Golden Years

The movie (1991, 236 min) made of Stephen King’s book is worth seeing.  You see Harlan Williams (Keith Szarabajka), an elderly caretaker at a secret government facility physically changed in an accident.  In his golden years he’s made young again while his wife remains the same age. An interesting story with some very good acting.


The Stand

This six hour movie was made in 1994 from a book by Stephen King that would take even longer to read I imagine (I’d like to make the attempt some day).
A military-engineered flu vectored through the air kills nearly everyone. Only a few are left and these dream two extremes. An elderly black woman (the prophet) living in a corn field or The One who walks alone (the demon). The dreamers have to decide which side they want. In the end a stand must be taken.
King does an interesting job in contrasting good with evil and the difficulty of prophecy. He (only briefly appearing in the Langoliers) has a little more time acting in this one… he’s not bad either.
I enjoyed this, but not as much as the Langoliers.

The Langoliers

This 1995 movie based on a book by Stephen King was nothing that I expected. I didn’t expect to enjoy it at all but I did. The story was very interesting and does not sit easily in the horror or psychological thriller or science fiction or Mystery genres. Perhaps it is all four.
At 179 minutes, it isn’t short, but it seems to flow very well. This is helped along by an excellent cast including Dean Stockwell as the resourceful Mystery Writer Bob Jenkins, Patricia Wettig (Laurel Stevenson), David Morse (Captain Brian Engle), Mark Lindsay Chapman (Nick Hopewell), Kate Maberly (wonderful as the young blind woman Dinah Catherine Bellman), and Bronson Pinchot as the psychopath Craig Toomey.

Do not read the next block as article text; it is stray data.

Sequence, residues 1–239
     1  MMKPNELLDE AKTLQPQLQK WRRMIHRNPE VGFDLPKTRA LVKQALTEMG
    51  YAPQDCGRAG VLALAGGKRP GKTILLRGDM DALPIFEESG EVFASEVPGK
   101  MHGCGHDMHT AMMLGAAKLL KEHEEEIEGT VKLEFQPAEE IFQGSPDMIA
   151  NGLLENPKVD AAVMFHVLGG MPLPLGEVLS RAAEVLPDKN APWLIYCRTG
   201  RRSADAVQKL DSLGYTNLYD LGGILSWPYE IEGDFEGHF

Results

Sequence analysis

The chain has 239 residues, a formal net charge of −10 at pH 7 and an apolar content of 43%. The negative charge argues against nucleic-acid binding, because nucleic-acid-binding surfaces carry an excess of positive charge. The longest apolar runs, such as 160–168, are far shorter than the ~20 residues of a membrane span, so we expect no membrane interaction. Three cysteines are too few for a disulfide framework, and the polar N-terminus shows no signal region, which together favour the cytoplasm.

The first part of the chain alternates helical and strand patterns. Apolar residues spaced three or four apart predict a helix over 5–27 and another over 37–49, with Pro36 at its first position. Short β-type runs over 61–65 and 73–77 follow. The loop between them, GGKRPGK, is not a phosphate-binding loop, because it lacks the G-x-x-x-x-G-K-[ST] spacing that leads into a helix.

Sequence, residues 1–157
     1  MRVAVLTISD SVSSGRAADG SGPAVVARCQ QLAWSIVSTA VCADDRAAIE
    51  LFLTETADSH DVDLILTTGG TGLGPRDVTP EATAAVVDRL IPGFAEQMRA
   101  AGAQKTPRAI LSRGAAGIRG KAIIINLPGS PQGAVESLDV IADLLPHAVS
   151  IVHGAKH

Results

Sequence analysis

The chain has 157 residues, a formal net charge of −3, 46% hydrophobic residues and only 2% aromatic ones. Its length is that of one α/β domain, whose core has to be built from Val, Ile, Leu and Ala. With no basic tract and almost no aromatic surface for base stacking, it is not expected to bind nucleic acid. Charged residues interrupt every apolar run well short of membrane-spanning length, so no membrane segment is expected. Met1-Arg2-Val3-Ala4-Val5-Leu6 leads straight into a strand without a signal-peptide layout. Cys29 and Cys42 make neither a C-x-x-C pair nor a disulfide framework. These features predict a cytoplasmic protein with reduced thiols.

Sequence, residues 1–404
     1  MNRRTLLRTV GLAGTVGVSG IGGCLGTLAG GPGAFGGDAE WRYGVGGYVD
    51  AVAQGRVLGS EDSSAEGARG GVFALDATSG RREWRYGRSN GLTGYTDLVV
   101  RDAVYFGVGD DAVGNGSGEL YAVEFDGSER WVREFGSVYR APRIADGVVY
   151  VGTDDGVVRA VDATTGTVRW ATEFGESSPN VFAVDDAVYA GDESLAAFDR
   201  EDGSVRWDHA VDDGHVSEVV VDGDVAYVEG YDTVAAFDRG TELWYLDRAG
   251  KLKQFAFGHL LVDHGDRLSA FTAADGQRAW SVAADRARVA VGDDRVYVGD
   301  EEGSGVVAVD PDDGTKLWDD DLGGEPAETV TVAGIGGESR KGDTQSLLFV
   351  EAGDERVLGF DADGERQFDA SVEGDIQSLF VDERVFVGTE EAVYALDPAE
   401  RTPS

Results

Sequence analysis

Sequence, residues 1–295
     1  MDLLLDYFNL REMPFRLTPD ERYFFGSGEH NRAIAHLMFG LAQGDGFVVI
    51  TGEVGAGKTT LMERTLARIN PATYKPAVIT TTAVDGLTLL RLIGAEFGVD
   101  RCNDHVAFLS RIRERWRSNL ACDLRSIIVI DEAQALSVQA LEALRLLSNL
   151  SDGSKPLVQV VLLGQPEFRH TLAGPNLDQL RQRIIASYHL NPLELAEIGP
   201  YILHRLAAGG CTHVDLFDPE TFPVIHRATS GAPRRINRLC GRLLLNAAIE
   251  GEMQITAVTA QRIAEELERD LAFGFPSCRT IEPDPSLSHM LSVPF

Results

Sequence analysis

Rita Hayworth and the Shawshank Redemption

That is the original name of the Stephen King novella which was the basis for the film by Director and Screenwriter Frank Darabont (who also did The Green Mile from another King story). It is an amazing movie which, like many other classics, did not do well at the box office when it first came out in 1994. I do like the original name and I wish it had been kept.
In fact the mention of Rita Hayworth is special in that it, and the name of the prison for that matter, are both cyphers. They don’t tell you anything about the film until you have seen it (and have thus become in the know). Lots of things are hidden in this work of art. Whether Dufresne is innocent or not. Whether Red will ever get out. Finding hope in the very, very dark place they are trapped in. Being human in a prison.
The chemistry of Morgan Freeman and Tim Robbins on the screen as Ellis Boyd ‘Red’ Redding and Andy Dufresne is magical. I would go further to say that the relationship of these characters is really a succinct definition of friendship. Something that grows between two people so they each care for the other so much that it hurts. It’s the kind of friendship everyone aspires to have: seeing the movie can help you and me in that way.